First book on Vatileaks affair is out

Vatican Insider

Vatican news correspondent, Enzo Romeo, has just published a book analysing the tensions in the Holy See over the past two years. The text reveals the involvement of a Vatican policeman in the Vatileaks inquiry

Andrea Tornielli
Vatican City

“It does make one wonder what poison pen letter writers, moles and all this poison have to do with the announcement of Christ’s message, which should be the Church’s only priority. Nothing in theory…But money, power, scandals and gossip – evenn wars – are part of human history and the Church is immersed in this history…The Church must live with the failures which are a reminder that we need to constantly convert to the Gospel. It will also have to take recent events as a lesson and speed up that renewal which is vital if the Church is to engage in a dialogue with modern man and ensure that he does not forget the transcendental realm.”

These opening words are the key to reading “Guerre Vaticane” (“Vatican Wars” – Rubettino publishers, pp. 272, 13 Euros), the book written by Enzo Romeo, Vatican correspondent and editor-in-chief of Tg2’s world news section (Tg2 is Italian television channel Rai 2’s news programme, Ed.).The book is the first attempt to analyse what has been going on in the Roman Curia over the past two years. What is interesting about Romeo’s book is that it gives a comprehensive interpretation of events, a “war” characterised by blows and counter-blows, anonymous letters and an unscrupulous use of the media, which caused clashes between various networks and groups.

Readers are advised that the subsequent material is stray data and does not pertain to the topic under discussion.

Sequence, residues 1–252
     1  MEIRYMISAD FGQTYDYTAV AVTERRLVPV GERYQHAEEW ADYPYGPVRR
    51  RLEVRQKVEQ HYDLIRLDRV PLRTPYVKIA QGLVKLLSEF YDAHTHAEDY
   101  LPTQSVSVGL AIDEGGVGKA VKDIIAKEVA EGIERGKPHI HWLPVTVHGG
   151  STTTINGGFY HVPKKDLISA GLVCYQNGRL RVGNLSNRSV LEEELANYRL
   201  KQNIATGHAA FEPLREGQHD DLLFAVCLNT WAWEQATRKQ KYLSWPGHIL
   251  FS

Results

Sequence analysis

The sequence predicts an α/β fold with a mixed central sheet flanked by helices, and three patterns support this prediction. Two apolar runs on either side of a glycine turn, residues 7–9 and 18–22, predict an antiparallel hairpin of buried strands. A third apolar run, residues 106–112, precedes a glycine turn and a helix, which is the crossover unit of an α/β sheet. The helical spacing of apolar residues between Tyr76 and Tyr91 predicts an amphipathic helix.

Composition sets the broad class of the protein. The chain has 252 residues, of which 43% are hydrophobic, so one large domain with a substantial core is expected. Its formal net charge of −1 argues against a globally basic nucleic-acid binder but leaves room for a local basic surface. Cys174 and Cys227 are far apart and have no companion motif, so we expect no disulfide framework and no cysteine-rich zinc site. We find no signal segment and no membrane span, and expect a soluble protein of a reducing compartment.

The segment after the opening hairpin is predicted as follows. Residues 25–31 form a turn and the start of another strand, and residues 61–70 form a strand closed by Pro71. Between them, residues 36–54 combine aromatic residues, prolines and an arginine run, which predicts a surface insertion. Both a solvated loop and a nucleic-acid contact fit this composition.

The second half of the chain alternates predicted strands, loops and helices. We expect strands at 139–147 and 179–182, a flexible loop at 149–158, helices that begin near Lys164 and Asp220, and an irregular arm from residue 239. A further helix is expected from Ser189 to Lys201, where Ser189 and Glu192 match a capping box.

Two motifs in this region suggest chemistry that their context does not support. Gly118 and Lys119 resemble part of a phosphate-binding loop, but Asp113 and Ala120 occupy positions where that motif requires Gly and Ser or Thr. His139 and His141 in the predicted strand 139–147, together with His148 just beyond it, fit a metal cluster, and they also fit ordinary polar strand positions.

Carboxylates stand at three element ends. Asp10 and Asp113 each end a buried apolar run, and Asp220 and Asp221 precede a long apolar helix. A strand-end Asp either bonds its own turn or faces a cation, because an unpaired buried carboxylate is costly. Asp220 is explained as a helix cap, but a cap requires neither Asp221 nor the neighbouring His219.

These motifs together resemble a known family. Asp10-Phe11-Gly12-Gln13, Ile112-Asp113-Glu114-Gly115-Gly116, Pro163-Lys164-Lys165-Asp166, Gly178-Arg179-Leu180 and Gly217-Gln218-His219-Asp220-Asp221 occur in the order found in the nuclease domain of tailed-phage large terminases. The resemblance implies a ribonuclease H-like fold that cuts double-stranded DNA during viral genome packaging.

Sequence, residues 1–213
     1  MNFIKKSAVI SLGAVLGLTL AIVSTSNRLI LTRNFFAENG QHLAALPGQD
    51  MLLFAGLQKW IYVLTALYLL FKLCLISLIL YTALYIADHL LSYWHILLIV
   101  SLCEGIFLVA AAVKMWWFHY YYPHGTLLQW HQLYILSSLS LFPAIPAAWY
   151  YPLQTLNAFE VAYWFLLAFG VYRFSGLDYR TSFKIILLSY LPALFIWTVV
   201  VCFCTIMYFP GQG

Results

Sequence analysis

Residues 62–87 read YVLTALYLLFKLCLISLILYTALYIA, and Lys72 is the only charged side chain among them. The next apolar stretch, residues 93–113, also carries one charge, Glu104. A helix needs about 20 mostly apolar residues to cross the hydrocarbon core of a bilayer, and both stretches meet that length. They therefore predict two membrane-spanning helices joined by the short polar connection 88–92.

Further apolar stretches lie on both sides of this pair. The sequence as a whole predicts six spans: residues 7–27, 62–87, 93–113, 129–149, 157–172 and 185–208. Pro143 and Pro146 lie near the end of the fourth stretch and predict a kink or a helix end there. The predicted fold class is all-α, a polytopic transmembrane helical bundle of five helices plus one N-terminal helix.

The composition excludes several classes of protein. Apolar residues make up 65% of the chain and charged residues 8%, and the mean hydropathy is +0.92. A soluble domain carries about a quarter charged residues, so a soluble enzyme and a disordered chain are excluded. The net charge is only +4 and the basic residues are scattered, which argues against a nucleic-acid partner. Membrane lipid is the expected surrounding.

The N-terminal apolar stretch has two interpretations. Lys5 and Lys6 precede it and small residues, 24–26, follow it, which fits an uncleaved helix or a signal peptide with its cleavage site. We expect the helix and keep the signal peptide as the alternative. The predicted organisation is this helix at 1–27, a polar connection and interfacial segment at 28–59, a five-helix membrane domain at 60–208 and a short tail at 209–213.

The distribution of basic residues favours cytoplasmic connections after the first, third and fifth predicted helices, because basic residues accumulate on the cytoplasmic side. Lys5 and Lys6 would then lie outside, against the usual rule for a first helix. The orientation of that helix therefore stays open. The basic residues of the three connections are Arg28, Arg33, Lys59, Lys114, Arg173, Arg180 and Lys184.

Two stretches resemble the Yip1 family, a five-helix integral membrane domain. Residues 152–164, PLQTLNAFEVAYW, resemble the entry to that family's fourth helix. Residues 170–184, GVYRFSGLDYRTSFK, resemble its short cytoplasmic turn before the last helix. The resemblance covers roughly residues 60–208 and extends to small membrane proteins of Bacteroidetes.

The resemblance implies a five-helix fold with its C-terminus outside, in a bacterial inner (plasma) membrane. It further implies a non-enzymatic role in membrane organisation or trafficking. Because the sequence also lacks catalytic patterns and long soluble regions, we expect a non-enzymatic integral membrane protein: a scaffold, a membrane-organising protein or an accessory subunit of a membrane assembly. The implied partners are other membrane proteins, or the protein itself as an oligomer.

One of the revelations the book makes is the involvement of a Vatican policeman in the inquiry into the leaked confidential documents. It is likely that the policeman had some kind of contact with the Pope’s self-confessed former butler who has now been sentenced to a year and a half in prison for the theft of secret documents from the papal apartment and for photocopying and sending them to Italian writer, Gianluigi Nuzzi. The policeman was initially suspended from service as a precaution and had no direct involvement in Gabriele’s trial. He may do in the brief and less important trial against Vatican Secretariat of State computer technician, Claudio Sciarpelletti, on 5 November. However, it is likely Vatican investigators have not found enough evidence against him and this is probably the reason why his involvement has so far been kept secret.

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